Assessment of Mortality

In the SKS cohort, vital status was assessed semi-annually via phone calls to study participants or their emergency contact. If contact was unsuccessful, then vital status was assessed using the Social Security Death Index. In the Maryland cohort, death was assessed via chart review.

Assessment of Other Study Data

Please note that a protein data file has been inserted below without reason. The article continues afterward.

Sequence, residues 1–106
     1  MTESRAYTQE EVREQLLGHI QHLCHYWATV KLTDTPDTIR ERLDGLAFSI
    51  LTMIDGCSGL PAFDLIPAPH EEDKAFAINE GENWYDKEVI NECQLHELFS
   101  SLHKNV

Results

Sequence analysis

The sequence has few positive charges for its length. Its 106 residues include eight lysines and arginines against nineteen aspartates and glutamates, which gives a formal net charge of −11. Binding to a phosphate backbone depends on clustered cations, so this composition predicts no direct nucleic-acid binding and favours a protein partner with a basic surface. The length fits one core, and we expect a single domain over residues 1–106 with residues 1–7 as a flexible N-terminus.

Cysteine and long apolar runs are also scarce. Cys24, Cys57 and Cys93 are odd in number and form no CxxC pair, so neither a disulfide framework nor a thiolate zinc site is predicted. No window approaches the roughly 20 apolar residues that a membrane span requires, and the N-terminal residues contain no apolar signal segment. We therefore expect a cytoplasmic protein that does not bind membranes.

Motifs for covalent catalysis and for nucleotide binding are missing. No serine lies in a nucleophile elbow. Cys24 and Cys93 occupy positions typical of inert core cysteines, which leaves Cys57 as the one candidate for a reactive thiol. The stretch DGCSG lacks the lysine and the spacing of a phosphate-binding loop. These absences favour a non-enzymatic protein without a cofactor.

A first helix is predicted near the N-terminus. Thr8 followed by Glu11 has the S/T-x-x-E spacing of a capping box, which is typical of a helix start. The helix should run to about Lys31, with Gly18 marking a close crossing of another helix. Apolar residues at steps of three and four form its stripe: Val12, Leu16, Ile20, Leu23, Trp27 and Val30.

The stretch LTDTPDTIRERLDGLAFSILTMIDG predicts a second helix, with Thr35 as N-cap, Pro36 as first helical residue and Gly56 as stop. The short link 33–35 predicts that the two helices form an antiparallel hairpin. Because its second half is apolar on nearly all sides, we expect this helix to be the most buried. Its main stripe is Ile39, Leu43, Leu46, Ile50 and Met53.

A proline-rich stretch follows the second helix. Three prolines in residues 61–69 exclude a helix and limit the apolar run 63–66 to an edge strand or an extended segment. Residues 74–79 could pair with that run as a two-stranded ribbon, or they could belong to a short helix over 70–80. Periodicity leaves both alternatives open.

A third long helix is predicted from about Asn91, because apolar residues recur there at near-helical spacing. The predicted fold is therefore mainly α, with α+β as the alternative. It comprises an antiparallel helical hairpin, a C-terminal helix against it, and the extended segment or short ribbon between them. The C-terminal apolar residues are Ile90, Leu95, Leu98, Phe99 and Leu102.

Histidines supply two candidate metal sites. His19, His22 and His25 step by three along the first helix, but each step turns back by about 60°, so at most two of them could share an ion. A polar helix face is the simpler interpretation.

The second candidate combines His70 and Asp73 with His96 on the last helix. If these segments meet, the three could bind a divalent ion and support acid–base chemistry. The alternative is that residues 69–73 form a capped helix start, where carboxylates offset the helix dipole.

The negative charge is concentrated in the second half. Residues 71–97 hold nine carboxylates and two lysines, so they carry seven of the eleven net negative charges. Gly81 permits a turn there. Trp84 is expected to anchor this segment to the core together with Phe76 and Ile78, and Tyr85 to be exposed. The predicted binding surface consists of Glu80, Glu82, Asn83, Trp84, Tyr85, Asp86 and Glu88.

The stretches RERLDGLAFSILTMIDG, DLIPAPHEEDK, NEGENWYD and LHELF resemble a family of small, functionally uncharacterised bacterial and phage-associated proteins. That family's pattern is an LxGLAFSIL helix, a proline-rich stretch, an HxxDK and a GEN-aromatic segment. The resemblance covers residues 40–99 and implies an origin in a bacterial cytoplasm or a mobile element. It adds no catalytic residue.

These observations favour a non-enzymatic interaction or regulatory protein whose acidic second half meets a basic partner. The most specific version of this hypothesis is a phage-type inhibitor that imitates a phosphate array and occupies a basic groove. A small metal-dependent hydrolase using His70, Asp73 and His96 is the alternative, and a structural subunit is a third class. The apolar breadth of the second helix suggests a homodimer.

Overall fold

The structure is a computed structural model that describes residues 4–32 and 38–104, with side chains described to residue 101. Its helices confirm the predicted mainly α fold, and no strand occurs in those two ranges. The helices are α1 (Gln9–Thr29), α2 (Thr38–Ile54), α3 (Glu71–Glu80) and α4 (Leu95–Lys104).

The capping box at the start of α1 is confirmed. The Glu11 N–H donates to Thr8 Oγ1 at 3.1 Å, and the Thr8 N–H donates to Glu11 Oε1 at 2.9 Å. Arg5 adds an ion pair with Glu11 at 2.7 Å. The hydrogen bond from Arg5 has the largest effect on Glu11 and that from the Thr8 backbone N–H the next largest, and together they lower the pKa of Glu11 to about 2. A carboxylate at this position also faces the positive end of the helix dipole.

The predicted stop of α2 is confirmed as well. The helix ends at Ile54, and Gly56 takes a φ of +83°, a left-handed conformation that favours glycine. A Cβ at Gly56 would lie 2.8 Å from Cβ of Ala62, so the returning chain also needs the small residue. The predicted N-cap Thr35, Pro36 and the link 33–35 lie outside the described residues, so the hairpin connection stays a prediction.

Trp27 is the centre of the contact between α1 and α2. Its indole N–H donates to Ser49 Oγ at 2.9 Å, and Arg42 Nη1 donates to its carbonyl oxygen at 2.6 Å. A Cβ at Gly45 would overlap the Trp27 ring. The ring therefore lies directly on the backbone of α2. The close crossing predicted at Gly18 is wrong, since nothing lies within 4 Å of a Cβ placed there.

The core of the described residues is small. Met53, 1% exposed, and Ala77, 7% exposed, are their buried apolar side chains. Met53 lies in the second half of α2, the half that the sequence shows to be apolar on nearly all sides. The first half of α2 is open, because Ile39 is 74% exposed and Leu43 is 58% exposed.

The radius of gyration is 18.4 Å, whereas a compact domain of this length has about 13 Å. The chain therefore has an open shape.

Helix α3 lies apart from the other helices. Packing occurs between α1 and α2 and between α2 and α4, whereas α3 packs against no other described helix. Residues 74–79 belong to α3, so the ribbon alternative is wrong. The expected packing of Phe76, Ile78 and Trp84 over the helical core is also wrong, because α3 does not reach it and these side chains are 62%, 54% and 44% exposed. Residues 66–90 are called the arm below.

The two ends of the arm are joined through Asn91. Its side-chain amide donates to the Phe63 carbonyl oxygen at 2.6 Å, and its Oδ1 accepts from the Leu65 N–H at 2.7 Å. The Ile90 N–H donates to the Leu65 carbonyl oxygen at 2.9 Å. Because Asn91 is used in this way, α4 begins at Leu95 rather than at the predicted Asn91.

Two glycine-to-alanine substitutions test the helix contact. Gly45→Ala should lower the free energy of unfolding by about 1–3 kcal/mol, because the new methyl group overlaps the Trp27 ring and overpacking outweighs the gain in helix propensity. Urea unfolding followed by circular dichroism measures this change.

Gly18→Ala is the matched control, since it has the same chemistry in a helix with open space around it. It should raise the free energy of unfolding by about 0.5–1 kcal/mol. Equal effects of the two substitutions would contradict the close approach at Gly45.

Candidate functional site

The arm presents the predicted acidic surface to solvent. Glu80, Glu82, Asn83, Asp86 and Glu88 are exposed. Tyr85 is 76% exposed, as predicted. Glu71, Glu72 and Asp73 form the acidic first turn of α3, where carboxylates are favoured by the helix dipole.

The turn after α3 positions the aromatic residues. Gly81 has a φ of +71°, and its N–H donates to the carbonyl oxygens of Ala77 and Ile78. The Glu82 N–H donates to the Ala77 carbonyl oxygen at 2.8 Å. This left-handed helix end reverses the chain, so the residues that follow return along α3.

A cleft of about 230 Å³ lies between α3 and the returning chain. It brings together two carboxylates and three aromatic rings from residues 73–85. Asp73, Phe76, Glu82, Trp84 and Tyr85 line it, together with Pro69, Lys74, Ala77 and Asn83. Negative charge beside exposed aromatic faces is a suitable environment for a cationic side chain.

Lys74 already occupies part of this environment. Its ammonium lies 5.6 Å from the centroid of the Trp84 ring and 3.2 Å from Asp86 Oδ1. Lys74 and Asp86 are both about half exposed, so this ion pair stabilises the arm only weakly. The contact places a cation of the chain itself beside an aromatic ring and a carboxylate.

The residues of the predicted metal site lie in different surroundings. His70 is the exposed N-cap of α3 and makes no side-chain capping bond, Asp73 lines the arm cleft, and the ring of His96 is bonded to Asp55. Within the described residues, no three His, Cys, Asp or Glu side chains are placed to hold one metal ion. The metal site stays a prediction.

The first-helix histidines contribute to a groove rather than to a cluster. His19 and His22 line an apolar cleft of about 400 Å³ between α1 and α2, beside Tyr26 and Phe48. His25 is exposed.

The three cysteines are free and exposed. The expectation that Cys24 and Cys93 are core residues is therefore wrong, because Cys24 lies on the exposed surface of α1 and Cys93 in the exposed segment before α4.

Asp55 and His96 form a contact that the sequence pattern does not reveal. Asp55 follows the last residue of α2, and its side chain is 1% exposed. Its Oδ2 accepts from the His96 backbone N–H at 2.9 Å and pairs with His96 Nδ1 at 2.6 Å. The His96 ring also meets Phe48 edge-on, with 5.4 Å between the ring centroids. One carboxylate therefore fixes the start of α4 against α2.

Comorbid conditions were defined based on baseline participant responses to the study questionnaires and chart review (see the Supplemental Methods for prevalent disease definitions). Physical activity was measured only among participants in the SKS cohort using self-reported frequency of exercise, regarded as a planned, structured, and repetitive activity. This was categorized as never exercise, <1 time per week, 1 time per week, 2–3 times per week, and >3 times per week. Medication use was assessed using the inventory method at the HMC study site or using the electronic pharmacy database at the Maryland and VA study sites; missing medication data were verified by chart review. Coordinators measured BP and collected serum, plasma, and urine samples; these samples were performed on the same day as the physical performance evaluation in the SKS cohort and within 90 days of performance evaluation in the UMD cohort. Three seated BP measurements were recorded 5 minutes apart using an automated sphygmomanometer and the average of the last two readings was used for analysis. Blood samples were centrifuged for 20 minutes at 3300 rpm, transferred to cryovials, and stored at −80°C. General chemistries were measured from frozen serum using a Beckman-Coulter DXC autoanalyzer. In the SKS cohort only, serum cystatin C and CRP concentrations were measured using the Siemens Nephelometer, which utilizes a particle-enhanced immunonephelometric assay (N Latex Cystatin C).31 Routine calibration was performed using standards obtained from the manufacturer along with daily quality controls. We measured urinary albumin concentration by immunoturbidimetry and urinary creatinine concentration by the modified Jaffe method.